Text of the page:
The week leading to this point was filled with the pop culture hoopla that sometimes threatens to surpass the game itself, from the parties thrown by Diddy and John Travolta (with ticket prices well into four figures) to the private shows put on by recording artists Ludacris, Snoop Dogg, Akon and others. And amid that backdrop of celebrity ephemera, here were the Patriots, famous for their disdain of individualism, seeking some degree of permanence through perfection.
That perfection and its numerical representation -- 19-0 -- hovered over a relatively tame Super Bowl week, where the only controversies came from Burress's benign prediction of a Giants win and rapper 50 Cent requesting the removal of socialite Paris Hilton from his stage.
A win would have given the Patriots -- who set an NFL record for scoring this season -- four titles in seven years and a new record for playoff wins in one decade, but that success would not have come without controversy. After the first week of the season, the NFL fined Belichick $500,000 and the team $250,000 for improperly videotaping play calls on the New York Jets' sideline. Belichick chalked that up to a misunderstanding of league rules, but the issue has refused to go away, with Sen. Arlen Specter (R-Pa.) recently suggesting Congress might get involved in the investigation into the destruction of those tapes.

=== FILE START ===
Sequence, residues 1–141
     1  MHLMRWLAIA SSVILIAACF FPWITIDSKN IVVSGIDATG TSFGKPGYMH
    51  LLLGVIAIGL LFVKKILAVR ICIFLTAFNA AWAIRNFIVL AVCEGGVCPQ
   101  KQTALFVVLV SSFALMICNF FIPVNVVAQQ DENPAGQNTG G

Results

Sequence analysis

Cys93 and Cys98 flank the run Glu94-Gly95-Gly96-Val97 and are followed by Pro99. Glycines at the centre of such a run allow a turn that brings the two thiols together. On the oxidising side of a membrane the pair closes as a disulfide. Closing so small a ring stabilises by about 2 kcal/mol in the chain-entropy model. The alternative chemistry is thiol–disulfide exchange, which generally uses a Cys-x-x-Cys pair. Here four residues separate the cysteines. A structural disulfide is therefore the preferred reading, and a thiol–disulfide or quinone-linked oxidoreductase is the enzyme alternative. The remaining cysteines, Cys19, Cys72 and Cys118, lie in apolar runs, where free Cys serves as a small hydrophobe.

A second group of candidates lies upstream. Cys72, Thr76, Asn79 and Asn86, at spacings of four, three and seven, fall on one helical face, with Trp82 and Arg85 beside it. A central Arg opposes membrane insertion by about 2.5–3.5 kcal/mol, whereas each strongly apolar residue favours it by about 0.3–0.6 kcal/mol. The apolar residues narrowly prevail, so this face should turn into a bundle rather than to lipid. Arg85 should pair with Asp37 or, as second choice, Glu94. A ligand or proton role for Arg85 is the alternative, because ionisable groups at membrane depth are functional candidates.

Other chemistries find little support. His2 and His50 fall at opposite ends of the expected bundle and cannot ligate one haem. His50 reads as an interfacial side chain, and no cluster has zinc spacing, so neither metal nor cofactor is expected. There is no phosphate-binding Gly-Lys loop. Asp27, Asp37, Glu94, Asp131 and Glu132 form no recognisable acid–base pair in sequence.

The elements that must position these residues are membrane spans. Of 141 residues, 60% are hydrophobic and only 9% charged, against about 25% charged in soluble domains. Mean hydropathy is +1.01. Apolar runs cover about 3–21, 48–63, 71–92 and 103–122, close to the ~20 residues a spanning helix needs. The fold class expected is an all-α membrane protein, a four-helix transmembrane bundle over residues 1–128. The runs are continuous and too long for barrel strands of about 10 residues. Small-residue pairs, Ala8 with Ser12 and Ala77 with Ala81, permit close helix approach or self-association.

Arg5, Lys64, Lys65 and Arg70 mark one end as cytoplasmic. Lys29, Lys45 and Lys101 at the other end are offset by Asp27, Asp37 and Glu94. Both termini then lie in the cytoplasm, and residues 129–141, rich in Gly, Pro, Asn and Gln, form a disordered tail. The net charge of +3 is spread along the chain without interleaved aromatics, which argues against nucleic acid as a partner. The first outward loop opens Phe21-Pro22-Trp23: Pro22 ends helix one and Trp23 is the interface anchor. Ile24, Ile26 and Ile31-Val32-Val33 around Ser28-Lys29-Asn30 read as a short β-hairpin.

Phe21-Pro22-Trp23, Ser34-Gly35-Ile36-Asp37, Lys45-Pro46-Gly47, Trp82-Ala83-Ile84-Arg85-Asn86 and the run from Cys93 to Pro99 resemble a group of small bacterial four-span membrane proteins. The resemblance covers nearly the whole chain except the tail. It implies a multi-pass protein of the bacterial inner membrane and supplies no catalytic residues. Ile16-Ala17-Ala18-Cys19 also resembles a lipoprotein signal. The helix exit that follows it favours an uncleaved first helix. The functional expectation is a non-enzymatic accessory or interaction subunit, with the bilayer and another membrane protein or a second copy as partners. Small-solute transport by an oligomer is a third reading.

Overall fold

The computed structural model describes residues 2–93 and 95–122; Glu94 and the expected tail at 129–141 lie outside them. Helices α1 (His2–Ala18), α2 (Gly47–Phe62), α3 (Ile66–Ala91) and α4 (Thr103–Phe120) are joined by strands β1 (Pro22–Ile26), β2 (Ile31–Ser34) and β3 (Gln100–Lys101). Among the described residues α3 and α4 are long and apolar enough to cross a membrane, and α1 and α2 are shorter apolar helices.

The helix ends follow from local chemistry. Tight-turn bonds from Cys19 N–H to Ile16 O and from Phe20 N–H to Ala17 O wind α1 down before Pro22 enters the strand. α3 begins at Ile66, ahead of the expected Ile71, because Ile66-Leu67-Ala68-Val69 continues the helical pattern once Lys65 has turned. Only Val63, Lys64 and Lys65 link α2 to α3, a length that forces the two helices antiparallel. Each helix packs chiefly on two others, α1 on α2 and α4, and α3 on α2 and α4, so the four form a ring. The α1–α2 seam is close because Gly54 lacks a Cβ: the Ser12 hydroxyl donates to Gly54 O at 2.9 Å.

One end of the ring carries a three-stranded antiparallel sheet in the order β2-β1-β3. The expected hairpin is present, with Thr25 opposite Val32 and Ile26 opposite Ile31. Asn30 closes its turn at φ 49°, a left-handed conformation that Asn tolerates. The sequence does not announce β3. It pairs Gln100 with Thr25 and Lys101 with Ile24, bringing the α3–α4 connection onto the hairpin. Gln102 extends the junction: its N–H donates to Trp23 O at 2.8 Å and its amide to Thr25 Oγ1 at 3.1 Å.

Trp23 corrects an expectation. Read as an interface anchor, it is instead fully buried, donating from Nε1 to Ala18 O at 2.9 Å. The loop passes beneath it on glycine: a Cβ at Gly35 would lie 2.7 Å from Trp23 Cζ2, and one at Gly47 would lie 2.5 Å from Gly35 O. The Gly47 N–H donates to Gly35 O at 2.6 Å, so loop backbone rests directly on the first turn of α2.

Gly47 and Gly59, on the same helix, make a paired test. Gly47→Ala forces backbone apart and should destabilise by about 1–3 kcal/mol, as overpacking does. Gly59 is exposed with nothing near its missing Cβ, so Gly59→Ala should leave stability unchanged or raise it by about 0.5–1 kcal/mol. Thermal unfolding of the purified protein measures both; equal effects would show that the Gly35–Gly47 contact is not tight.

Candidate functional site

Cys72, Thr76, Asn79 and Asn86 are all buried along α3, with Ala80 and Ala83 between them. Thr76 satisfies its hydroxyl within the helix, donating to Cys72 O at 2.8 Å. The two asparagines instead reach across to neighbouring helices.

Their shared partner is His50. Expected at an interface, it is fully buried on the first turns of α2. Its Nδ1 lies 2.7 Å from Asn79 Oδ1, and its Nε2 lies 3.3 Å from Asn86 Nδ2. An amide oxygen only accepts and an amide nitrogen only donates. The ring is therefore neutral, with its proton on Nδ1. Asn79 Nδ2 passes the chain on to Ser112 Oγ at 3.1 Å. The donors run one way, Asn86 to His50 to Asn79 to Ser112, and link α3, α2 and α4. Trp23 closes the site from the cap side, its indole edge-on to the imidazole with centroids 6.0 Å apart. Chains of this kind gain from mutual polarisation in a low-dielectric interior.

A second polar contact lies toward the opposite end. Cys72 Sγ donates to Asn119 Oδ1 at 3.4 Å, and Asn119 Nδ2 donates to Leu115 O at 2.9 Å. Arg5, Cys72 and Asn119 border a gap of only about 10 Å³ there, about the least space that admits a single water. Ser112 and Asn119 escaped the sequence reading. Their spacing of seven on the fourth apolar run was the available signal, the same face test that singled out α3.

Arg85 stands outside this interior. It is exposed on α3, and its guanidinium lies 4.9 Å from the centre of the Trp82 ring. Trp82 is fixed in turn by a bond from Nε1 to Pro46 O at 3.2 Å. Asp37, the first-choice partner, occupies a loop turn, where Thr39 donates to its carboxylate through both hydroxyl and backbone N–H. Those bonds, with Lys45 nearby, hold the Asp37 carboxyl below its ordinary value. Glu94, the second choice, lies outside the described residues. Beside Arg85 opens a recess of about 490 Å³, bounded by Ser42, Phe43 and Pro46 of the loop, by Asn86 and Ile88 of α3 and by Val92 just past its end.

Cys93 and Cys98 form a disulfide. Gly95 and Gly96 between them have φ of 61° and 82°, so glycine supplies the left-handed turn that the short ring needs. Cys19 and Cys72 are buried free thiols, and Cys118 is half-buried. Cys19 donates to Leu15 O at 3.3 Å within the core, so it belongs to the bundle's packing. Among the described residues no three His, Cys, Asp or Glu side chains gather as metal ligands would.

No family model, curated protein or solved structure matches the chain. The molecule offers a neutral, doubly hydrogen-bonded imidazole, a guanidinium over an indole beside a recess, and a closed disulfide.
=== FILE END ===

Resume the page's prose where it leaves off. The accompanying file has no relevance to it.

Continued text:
But that scandal will now serve merely as a footnote to one of the biggest shocks in the history of this game. The Patriots have been famous for sublimating individual stars for a collective goal, but the Giants claimed that mantle for themselves on Sunday night.
"I know everybody thinks the NFL is a bunch of prima donnas, but we showed today what a good team can do," New York wide receiver Amani Toomer said. "We don't have the superstars and all that like the Patriots. But I'll take a team over superstars every time."